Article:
A little girl sits in her third-grade classroom staring at the chalkboard, with butterflies in her stomach. All of sudden she feels a hand grab her arm, hard enough to leave five nail marks on her arm. Back then, ADHD was thought to be a disorder found only in boys. Others teachers yelled at me to pay attention, or told me I needed to apply myself or that I could do better. What no one knew was that I was trying my hardest to focus and pay attention.
Twisted adult picture balance high academic expectations with letting them be themselves. Thank you for your support. So she was active in the high school drama club and actually went off to college hoping to become a playwright someday. I think it gives me a special ability to deal with people, to empathize with them, to qdhd the strengths in them. Shankman worked hard earning his undergraduate degree in journalism and photojournalism from Boston University.
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By Eileen Bailey. Wierd sensory cravings are gone. Kelly ashd you read this n you need advice let me know. He decided to stoties on campus to simplify the process. The diagnosis finally came bout when I was attempting to go to dtories after graduating from high school five years earlier. How has the medication helped? I felt like I had a side effect of being more aggressive at work. Farrow, Adult adhd success stories sports enthusiast, also wondered if he could apply interval training, a popular sports-training technique, to his own brain. I have more patience with work and my family. One shop led to 10, making him the owner of one of Legend of jesse jame christopher jones largest independent auto-repair chains in the Washington, D. I also feel that the long term diagnoses of taking ADD medication is still unknown or they are not telling us because of the market on this medication. All rights reserved. Its all about balance and discipline— but there is no doubt I would not have the success in my life without Audlt. All the questions that I Bondage caf ignore because I want to Adult adhd success stories the hyper focusing so badly.
Carrie is about to finish her sophomore year in college after a very, very rocky start to her college career.
- I was twenty five years old, stuck in a dead end job and just not sure which way to turn next.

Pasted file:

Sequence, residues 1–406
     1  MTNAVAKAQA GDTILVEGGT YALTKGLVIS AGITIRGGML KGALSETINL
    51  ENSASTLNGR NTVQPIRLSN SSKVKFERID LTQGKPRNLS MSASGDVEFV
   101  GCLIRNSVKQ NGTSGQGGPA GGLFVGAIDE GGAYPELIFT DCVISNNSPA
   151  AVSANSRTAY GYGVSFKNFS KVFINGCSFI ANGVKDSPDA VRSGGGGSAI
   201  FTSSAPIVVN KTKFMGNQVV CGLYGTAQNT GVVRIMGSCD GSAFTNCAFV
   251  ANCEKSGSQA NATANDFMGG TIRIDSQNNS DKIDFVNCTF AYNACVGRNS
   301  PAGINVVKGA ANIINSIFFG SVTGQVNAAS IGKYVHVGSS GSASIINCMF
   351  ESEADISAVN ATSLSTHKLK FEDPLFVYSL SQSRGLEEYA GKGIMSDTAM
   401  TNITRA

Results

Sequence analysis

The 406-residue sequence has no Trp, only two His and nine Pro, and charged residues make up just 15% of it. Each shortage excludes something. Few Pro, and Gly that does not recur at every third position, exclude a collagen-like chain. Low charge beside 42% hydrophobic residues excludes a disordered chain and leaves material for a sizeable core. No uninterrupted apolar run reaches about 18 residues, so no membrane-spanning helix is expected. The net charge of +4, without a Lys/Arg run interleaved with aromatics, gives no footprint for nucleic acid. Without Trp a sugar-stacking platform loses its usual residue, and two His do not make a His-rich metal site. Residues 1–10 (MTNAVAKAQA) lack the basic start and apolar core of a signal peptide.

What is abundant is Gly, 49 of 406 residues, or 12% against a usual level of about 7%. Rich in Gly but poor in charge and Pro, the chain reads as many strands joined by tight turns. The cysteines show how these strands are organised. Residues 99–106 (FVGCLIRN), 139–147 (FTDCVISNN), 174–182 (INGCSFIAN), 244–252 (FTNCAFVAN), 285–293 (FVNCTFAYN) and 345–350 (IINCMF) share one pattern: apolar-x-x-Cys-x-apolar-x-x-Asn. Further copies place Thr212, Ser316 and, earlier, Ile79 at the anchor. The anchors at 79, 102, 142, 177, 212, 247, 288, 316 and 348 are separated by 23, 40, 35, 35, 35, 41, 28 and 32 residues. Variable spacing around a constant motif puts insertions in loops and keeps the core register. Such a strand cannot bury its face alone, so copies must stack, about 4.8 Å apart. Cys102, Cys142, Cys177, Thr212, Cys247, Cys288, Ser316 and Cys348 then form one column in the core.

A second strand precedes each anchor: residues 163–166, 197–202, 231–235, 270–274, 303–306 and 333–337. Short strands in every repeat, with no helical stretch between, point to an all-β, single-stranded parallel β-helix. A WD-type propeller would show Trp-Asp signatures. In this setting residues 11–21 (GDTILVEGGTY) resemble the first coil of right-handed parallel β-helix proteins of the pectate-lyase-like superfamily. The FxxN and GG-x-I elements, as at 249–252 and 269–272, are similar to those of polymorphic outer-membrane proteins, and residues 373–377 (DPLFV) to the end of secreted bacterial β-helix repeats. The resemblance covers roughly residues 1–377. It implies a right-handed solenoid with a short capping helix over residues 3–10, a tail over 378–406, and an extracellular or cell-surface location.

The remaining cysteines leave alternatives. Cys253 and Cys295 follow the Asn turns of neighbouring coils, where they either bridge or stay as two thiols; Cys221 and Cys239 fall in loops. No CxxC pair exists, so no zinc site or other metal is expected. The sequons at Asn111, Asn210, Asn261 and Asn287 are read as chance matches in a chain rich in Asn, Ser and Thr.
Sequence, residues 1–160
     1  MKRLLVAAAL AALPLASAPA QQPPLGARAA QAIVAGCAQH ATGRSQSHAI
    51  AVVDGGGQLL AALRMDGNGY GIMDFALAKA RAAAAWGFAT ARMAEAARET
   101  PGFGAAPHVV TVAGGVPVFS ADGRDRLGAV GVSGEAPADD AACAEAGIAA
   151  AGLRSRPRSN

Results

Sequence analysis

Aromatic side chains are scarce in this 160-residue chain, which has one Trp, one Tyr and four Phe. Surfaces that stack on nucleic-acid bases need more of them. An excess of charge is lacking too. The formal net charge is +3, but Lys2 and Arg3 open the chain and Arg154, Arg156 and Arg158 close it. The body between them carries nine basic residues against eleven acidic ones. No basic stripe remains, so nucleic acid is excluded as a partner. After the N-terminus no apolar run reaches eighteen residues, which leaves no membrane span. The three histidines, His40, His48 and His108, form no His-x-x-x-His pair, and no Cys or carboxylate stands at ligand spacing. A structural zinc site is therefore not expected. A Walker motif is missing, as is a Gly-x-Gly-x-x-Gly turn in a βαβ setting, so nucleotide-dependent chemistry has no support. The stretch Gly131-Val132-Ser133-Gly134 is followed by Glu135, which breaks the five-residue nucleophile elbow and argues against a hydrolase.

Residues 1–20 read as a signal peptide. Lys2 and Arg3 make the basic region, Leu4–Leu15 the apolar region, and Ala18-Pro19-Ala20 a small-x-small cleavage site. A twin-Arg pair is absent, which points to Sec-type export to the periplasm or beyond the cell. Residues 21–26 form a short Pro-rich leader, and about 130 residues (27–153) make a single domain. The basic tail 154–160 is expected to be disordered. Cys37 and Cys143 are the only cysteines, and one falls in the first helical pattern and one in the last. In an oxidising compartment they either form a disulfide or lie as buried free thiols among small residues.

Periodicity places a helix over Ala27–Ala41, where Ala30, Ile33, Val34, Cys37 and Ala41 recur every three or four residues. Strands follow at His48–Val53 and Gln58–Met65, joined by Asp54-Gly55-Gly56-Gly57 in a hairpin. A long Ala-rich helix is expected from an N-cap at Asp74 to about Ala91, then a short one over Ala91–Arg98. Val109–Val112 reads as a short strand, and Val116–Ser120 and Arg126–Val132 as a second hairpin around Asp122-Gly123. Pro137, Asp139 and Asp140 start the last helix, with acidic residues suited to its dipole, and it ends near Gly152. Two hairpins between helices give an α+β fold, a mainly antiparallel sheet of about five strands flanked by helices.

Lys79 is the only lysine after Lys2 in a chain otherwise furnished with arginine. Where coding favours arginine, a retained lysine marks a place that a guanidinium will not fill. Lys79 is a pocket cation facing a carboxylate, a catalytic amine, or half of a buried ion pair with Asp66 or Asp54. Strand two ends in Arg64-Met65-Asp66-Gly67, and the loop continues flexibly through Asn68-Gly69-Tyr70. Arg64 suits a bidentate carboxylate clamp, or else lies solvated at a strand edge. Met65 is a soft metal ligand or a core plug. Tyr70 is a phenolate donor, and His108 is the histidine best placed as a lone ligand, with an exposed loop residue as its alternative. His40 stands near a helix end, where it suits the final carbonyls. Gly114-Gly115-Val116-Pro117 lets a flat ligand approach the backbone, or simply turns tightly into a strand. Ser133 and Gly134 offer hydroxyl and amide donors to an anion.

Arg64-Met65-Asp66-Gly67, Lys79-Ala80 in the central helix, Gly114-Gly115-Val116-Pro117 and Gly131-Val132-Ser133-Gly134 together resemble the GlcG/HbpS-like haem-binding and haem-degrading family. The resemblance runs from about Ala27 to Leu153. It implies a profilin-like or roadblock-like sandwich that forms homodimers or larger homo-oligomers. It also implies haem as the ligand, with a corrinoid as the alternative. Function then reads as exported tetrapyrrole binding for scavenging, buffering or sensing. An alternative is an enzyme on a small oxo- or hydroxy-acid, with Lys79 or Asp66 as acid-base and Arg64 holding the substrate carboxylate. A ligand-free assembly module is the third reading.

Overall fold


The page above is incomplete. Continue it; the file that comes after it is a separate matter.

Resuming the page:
- I regularly hear great things — i.
- Executive coach and author of Business in Blue Jeans.
- Success stories.
- Six artists, thinkers, and entrepreneurs with ADHD share their remarkable success stories and prove that taking the road less traveled can, indeed, make all the difference.
Carrie is about to finish her sophomore year in college after a very, very rocky start to her college career. She actually was kind of skeptical about it and thought she just needed to try harder. So she was active in the high school drama club and actually went off to college hoping to become a playwright someday. So, after arriving at college, Carrie became very active in one of the drama clubs on her campus. She began to stage-manage and she started hanging out with all of the drama club students and was enjoying a great deal, and contributing great deal, to the activities of that organization.
She also used the same studies, strategies that she had used in high school. She found herself cramming for the exams.
It turned out that she ended up spending too much time with her extracurriculars and not enough time studying. So after failing two classes in her spring semester, Carrie was asked to take an academic leave of absence from her college. She came back home and was evaluated in our program and we did in fact diagnose her with ADHD. We explained to her exactly how it was that she had managed to do fine until college and that she had managed to get by until she was in this unstructured learning environment.
We spent a lot of time teaching her about adult ADHD, we started her on an ADHD medication, and she began coming for weekly cognitive behavioral trainings sessions. Over the course of the next few months, she began to get more and more comfortable with the diagnosis and with figuring out what she needed to do to get difficult tasks done. She managed to get a job in selling tickets in local theater company and eventually she decided to take some courses in community college.